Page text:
Of course I’d been told about stealing and the Ten Commandments. I had also been specifically instructed, perhaps too many times for my rebellious nature, not to take, I mean steal, apples from the old lady’s yard.
“She’s stingy and mean,” my mother would say. “She would probably come out and hit you with a stick or something. There’s no telling what she would do if she catches you in that yard!”
The woman’s house was the last house on the road and beside of it was the dirt road that was beside the, “sewer.” She lived on what we called, “Sewer road.”
About twenty or thirty feet from the curve, where Sewer road went straight ahead and our road took a sharp right, her house was on the corner.
You could smell the odor and most of the children in the neighborhood wouldn’t play on that corner of the block, which is what our neighborhood was; one block in a small rural town. I guess the old woman was glad the smell kept us away, but I was curious and had a bicycle.
I’m not sure what it was that made me want to take those apples. I didn’t understand why she wouldn’t come outside, be nice and give a person an apple.
I’d ride my bike around the block and every time I passed her house I secretly hoped to get a glance at her. Sometimes I’d see her raking leaves and I would slow down, but she wouldn’t even look at the road.
There was another woman who had an apple tree in our neighborhood. She was younger, but was still old in my young mind. She was married and lived closer to the main road than to Sewer road. Her apple tree was right there at her front door.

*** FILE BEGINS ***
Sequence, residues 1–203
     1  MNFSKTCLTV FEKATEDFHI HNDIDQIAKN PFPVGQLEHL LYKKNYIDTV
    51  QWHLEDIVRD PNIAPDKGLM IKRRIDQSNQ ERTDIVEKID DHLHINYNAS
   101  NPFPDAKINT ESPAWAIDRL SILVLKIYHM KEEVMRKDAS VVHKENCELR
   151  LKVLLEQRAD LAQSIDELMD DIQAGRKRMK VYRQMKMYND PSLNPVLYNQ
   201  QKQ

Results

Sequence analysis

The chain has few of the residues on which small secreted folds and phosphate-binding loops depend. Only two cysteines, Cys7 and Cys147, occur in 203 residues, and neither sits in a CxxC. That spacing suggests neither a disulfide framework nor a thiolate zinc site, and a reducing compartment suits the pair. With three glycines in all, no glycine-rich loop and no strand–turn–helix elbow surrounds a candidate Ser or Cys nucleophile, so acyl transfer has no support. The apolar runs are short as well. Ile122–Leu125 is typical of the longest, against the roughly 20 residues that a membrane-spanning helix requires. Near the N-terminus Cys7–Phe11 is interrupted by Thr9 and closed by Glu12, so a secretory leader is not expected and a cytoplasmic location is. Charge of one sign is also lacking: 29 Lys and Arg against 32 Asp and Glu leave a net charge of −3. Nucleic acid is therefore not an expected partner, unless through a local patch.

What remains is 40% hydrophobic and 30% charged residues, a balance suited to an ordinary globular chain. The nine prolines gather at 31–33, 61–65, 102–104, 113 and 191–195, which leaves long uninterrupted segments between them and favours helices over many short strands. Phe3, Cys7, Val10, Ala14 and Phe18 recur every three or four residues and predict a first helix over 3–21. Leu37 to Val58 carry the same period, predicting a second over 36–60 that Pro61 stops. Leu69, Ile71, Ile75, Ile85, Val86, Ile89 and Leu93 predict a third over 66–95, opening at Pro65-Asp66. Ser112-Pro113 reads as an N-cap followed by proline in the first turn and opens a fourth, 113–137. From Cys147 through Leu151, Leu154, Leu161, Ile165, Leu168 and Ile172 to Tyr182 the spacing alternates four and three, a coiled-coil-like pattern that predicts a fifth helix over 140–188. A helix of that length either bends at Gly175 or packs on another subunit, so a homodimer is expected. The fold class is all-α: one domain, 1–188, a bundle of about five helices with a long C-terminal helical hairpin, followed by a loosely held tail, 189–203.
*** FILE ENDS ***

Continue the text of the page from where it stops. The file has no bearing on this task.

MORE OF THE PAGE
The lady’s house down by the sewer sat further back into the woods, leaving her unattended apple tree to a curious girl like me.
I would put on one of my older sisters’ bra. I could stuff up to three of four apples in each cup.
My friends would dare me. They couldn’t believe I was so brave and at thirteen, this was pretty cool I thought. Most of them wouldn’t even walk that way, because of the smell, but they were also scared of her. Plus, I had one of the few bicycles in the neighborhood. I often rode alone.
I was taught that the best apples were the ones that had already fallen, but not yet eaten by worms. I was also told that picking from the ground was simply the right thing to do. My dad’s folks said that leaving the good ones on the ground, and that meant ones without worms or with only one or two wormholes, was being wasteful.
The old woman’s tree was quite abundant. I don’t think she ever even used her apples! Wasn’t she being wasteful?
My friends and I did enjoy eating the apples. I think that matters.
My mom said that the other woman was stingy too, but that if I knocked on her door and asked politely, that she might give me an apple. So I did. I never wore out my welcome, which was at best tentative.
“Yes, I guess you can have one, but take it from the ground and only one,” she would say. “I’m going to be making jam soon.”
Well I knew that I would never taste her jam.
For some reason, I liked better the apples from the tree down by the sewer. Both trees produced red and crispy apples. I guess hers were better because I didn’t have to deal with her like I did with the other woman. Neither of them were pleasant people.
We didn’t have much to do in the town I lived in. My grandmother always said, “Idled hands are the Devil’s workshop.” I guess she was right.
Much laughter occurred when my friends saw me returning, apples bobbing around on my flat chest. Sometimes one in each pocket of my shorts. I couldn’t see how that woman ever missed any of her neglected apples.
I guess I shouldn’t have taken, I mean stolen, those apples, but I did, and much fun was had.
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Apple Trees via Wikimedia Commons